Our approach to reconstructing the velocity fields of migrating birds detected by WSR-88D radars is a significant improvement over previous methods. Our algorithm will allow us to overcome a fundamental challenge of analyzing radar data to tap the potential information about bird migration available from the continent-scale WSR-88D network. By creating an AI tool to automate velocity data processing, we can extract information about bird migration more accurately and at a substantially larger scale than previously possible, and make advances in our knowledge of bird movements for science and conservation. Of particular value is the potential for using this newly possible understanding of bird migration from our radar studies as a platform to monitor and assess ecosystem health. Many species of birds are excellent bioindicators (Holt and Miller 2011), and quantifying bird migration at regional and continental scales across 10-20 year intervals provides an invaluable opportunity to examine patterns of movements relative to changes in landscape and climate.
Collaborations between computer scientists and domain scientists in sustainability-related fields can yield powerful insights and advances in domains of mutual interest. In our case, uniting radar ornithology with machine-learning research has yielded previously inaccessible and unavailable information about the behaviors of birds migrating over the northeastern United States. This powerful example can be a model for scaling up analyses to much larger spatial and temporal scales. Many different future analyses will benefit from having a robust quantification of bird densities and velocities aloft: for example, comparisons among radar stations in different parts of the United States, comparisons with weather and climate data, and comparisons with species observations from eBird and other sources. Future work will expand on our existing dataset of 35,000 scans from 12 radar stations operating from 1 August to 30 November in 2010 and 2011 in the northeastern United States to include the entire continent. Our approach also highlights additional algorithms necessary to continue the process of exploring this massive dataset. For example, a remaining challenge is to automate the screening of nonbiological targets and to perform these analyses in real time. A detailed understanding of the velocity field is a key first step toward this goal (Dokter et al. 2011); a complete solution will likely involve other applications of machine-learning algorithms as well.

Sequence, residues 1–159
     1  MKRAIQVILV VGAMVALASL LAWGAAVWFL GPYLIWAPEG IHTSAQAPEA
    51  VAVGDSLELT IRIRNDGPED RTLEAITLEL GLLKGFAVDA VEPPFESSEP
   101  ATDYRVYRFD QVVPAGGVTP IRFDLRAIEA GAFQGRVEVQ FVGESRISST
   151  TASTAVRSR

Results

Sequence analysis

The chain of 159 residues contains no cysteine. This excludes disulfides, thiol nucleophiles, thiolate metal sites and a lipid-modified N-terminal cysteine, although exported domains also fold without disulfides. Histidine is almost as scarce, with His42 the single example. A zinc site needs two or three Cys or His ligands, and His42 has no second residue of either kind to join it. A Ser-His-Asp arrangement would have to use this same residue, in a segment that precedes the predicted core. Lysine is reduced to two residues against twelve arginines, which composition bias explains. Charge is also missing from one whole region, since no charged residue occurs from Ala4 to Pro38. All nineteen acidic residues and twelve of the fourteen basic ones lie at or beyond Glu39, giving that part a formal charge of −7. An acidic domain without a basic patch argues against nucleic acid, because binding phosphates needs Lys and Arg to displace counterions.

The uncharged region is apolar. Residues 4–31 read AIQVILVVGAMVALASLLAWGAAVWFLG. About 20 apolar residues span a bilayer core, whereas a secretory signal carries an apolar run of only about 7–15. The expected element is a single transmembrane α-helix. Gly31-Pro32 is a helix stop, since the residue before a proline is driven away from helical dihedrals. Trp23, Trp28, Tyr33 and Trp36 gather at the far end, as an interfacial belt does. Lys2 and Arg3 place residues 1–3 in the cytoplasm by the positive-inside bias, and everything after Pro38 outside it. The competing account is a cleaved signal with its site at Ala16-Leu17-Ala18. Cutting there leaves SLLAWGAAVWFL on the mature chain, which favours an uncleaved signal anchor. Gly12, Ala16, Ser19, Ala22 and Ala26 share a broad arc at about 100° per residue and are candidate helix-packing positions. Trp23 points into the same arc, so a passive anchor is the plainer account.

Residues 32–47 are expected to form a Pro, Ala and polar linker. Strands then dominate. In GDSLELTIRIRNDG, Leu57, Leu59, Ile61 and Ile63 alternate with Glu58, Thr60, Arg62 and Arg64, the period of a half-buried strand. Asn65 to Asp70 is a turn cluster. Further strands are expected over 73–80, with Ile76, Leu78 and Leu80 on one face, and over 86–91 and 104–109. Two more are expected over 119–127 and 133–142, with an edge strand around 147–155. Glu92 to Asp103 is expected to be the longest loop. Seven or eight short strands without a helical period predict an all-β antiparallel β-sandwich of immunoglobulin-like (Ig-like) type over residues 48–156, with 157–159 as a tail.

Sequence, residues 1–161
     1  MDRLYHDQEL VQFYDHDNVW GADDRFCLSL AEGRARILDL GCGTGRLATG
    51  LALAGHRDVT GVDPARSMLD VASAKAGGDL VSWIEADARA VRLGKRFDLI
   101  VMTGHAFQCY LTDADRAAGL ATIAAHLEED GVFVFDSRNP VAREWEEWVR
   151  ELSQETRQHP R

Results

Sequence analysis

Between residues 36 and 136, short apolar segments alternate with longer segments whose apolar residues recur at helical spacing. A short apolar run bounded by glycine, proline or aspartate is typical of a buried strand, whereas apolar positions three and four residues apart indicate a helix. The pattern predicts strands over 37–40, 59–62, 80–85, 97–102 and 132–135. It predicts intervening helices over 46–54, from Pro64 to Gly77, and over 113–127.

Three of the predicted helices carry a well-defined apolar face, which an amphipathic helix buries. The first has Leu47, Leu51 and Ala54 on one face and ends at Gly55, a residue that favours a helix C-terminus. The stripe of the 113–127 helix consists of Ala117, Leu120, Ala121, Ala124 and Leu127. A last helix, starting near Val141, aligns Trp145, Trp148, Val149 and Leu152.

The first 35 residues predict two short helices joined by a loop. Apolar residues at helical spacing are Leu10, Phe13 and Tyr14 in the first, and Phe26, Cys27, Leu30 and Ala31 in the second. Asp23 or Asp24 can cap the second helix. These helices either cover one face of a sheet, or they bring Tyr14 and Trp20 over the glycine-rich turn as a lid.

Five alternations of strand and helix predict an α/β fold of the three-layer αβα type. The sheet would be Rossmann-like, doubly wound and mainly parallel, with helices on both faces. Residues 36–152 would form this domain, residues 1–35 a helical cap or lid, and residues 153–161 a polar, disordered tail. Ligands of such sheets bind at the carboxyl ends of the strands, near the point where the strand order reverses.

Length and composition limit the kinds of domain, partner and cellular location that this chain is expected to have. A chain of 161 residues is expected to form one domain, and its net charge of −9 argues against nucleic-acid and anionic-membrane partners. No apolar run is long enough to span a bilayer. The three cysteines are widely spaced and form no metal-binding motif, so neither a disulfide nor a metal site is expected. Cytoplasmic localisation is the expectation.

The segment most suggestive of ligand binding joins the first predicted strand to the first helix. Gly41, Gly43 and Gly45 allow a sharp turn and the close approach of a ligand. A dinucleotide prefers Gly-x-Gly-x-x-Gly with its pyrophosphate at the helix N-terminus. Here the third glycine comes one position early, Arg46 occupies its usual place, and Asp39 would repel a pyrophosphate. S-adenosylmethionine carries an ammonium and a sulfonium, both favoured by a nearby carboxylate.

This article has described a case study in the AI techniques underlying automated analysis of bird migration at large scales using radar data. A fully automated continent-scale analysis of bird migration may be game changing in terms of understanding this global ecological process and protecting the system from growing anthropogenic threats. Recent advances in the new field of computational sustainability have the potential to make this a reality. We believe it is now possible to study migration at continent scale by integrating radar data together with complementary sources of information such as citizen science data from eBird and acoustic monitoring. Each of these data sources is available at the continent scale but provides only partial information about bird migration. The synthesis of these diverse data sources using novel analysis approaches will allow us to reconstruct, understand, and forecast nightly bird migrations at the continental scale.
This work was supported in part by the National Science Foundation under Grant No. 1125228 and by Leon Levy Foundation.
Able, K. P. 1999. How Birds Migrate: Flight Behavior, Energetics, and Navigation. In Gatherings of Angels: Migrating Birds and Their Ecology, ed. K. P. Able, 11-27. Ithaca: Cornell University Press.
Bonter, D. N.; Donovan, T. M.; and Brooks, E. W. 2009. Daily Mass Changes in Landbirds During Migration Stopover on the South Shore of Lake Ontario. Auk 124(1): 122-133. dx.doi.org/10.1642/0004-8038(2007) 124[122:DMCILD]2. O.CO;2
Breitenberger, E. 1963. Analogues of the Normal Distribution on the Circle and the Sphere. Biometrika 50(1): 81-88. Buler, J. J., and Diehl; R. H. 2009. Quantifying Bird Density During Migratory Stopover Using Weather Surveillance Radar. IEEE Transactions on Geoscience and Remote Sensing 47(8): 2741-2751. doi:10.1109/TGRS.2009.2014463.
Buler, J. J.; Randall, L. A.; Fleskes, J. P.; Barrow W. C.; Bogart, T.; and Kluver, D. 2012. Mapping Wintering Waterfowl Distributions Using Weather Surveillance Radar. PloS One 7(7): e41571. dx.doi.org/10.1109/TGRS.2009.2014463 Carey, J. 2012. Drones at Home. Scientific American 307(6): 44-45.
Crawford, R., and Engstrom, T. 2001. Characteristics of Avian Mortality at a North Florida Television Tower: A 29-Year Study. Journal of Field Ornithology 72(3): 380-388.
Cram, T. D., and Alberty, R. L. 1993. The WSR-88D and the WSR-88D Operational Support Facility. Bulletin of the American Meteorological Society 74(9): 1669-1687. dx.doi.org/ 10.1175/1520-0477(1993)074<1669:TWATWO>2.0.CO;2
Deppe, J. L., and Rotenberry, J. T. 2008. Scale-Dependent Habitat Use by Fall Migratory Birds: Vegetation Structure, Floristics, and Geography. Ecological Monographs 78(3): 461-487. dx.doi.org/10.1890/07-0163.1
Dietterich, T. G.; Dereszynski, E.; Hutchinson, R.; and Sheldon, D. 2012. Machine Learning for Computational Sustainability. In Proceedings of the 2012 International Green Computing Conference (IGCC). Piscataway, NJ: IEEE Computer Society.